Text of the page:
NEWARK! 1967: A Narrative in Black & White // Being a true account of domestic unrest, illustrated with period photographs and original eye-witness statements.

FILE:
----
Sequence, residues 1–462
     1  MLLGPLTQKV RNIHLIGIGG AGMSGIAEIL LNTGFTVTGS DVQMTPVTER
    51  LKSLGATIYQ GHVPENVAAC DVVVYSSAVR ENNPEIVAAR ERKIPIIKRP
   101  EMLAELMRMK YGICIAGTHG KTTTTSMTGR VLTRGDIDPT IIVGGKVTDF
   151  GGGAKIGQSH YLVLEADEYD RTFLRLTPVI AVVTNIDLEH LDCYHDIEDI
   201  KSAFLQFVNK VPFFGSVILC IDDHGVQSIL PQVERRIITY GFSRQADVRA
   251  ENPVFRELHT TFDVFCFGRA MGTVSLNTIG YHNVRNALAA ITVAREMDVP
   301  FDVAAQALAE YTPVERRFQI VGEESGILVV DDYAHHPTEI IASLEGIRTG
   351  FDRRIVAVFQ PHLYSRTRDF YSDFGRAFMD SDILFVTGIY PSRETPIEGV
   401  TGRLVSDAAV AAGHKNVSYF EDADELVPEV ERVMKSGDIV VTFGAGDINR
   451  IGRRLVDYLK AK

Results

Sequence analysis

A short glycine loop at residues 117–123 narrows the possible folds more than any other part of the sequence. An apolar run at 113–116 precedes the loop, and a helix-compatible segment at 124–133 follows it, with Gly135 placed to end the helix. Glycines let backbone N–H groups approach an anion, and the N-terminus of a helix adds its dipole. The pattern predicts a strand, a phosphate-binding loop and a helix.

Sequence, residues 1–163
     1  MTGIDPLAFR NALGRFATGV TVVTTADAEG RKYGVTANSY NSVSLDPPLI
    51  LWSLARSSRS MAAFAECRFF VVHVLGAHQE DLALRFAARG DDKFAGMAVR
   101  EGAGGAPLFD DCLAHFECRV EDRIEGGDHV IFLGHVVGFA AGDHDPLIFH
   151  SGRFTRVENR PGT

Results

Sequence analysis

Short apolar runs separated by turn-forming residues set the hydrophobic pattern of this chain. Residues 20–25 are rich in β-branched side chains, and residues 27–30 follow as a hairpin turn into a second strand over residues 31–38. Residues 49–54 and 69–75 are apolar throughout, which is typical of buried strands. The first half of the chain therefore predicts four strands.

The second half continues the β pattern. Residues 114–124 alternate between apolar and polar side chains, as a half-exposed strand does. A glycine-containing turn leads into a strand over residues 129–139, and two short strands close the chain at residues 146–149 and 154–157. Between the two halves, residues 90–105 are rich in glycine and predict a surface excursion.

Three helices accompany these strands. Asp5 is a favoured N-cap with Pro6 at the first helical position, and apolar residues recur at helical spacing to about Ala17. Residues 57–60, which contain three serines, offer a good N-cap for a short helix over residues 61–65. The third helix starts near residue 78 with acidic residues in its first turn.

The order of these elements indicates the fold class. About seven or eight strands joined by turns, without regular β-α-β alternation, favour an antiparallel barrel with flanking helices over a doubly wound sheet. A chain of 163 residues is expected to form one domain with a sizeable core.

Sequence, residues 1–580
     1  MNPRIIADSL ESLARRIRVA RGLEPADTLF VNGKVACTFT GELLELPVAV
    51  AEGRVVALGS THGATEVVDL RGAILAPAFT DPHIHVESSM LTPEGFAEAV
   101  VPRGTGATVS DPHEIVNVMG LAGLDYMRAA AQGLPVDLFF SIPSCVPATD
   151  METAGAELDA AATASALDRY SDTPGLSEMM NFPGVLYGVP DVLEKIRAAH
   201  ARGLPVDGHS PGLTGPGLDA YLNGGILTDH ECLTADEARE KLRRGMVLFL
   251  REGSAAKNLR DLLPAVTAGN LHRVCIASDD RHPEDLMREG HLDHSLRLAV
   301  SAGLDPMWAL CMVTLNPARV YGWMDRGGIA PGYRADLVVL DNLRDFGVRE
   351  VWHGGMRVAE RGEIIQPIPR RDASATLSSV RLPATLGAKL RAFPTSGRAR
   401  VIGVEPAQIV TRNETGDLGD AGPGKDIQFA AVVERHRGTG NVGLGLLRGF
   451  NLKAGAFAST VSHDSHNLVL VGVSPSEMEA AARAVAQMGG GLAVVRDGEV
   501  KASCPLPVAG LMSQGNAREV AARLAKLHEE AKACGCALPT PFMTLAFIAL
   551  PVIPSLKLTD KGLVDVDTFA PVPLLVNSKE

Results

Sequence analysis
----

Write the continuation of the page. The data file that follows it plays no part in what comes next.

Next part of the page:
Mt. Tremper: Maureen Cummins, 2021. Limited Edition. Original Wraps. “One day, to everyone’s astonishment, someone drops a match in the powder keg, and everything blows up.” [James Baldwin] "Newark 1967: A Narrative in Black and White was produced by Maureen Cummins during the summer and fall of 2020, with typographic assistance from Kathleen McMillan. The project, which began as historical research during the months before the COVID-19 outbreak, quickly became, in the aftermath of the killing of George Floyd and Black Lives Matter protests across the country, a surreal parallel to the racism of our time. The events in Newark that Cummins set out to document arose out of decades of discrimination— in housing, education, and government, not to mention longstanding police brutality—all of which culminated on the night of July 12, 1963. When a black cabby, John Smith, was seen dragged into police custody and rumored to be dead, an angry crowd of residents gathered outside the precinct, and violence broke out. What followed was five days of mayhem—businesses looted, buildings in flames, and crossfire from multiple armed forces—that left 26 people dead and hundreds injured. Driven by her own family’s story of white flight from Newark, Cummins began her research by making weekly trips to the city, first to the New Jersey Historical Society, then to the Charles F. Cummings Center for New Jersey Information, housed in the Newark Public Library. Both resources provided a treasure trove of information: books, maps, protest fliers, news clippings, autopsy reports, transcripts of eye-witness accounts, and press photographs. What the artist did not expect to discover, six months into the project, was the way in which her research would come to life before her eyes: in Minneapolis and other cities across America, scenes from Newark’s racist playbook were repeated again and again: in the form of en-forced curfews, food shortages, tanks in the streets, attacks on unarmed citizens (by police, military, and armed militias), references to snipers, outside agitators,“insurrection,” “left-wing radicals,” and clarion calls for “law and order.” Newark 1967: A Narrative in Black and White reads as history, memoir, current events, and cautionary tale. The text of the book is comprised of ten stories, most of them a chorus of voices, many dramatically different: “The Newspaper Stories,” “John Smith’s Story,” “The Activists’ Story,” “The Law Enforcement Story,” “The Black Survival Story,” “The Firemen’s Stories,” “The Eyewitness Stories,” “The Grand Jury Story,” “The Mother’s Story,” and “My Father’s Story.” On facing pages, images of events transpiring people on the ground are viewed through cutout openings within quiet-seeming domestic scenes. In this way, two realities are depicted: black and white, “high” and “low,” the protected and the targeted. Within the pages of the book, which mimic newspaper stories and photos, the artist uses color to comment on color: while the white characters are foregrounded and printed in bold black ink, the black characters are viewed from afar—ghostly, barely there, an allusion to Ralph Ellison’s “Invisible Man.” A closer read of both sets of photos, however, reveals a more nuanced and parallel story: the double meaning behind the phrase “domestic unrest.” [Artist statement] All text and imagery in "Newark 1967: A Narrative in Black and White was silkscreen-printed onto Schaeffer Graphic Board, with laser cuts by Sarah Pike of Freefall Laser. The book was bound by Lisa Hersey using hand-dyed Yukyushi paper for spine-lining and hinges. Period photographs of Cummins and her family are from the artist’s personal collection. All original press photographs have been reproduced by kind permission of the Associated Press and The Newark Star Ledger, with the exception of the images facing The Grand Jury Story and The Black Survival Story, which are believed to be public domain." [colophon]. Fine in Fine Slipcase. Tight, bright, and unmarred. Printed natural board wrappers, black paper spine, black ink lettering, cut out elements, printed natural boards textblock; matching slipcase. Oblong 4to. np. Illus. (b/w plates). Numbered limited edition, this being __ of 30. Signed by the artist. Item #10595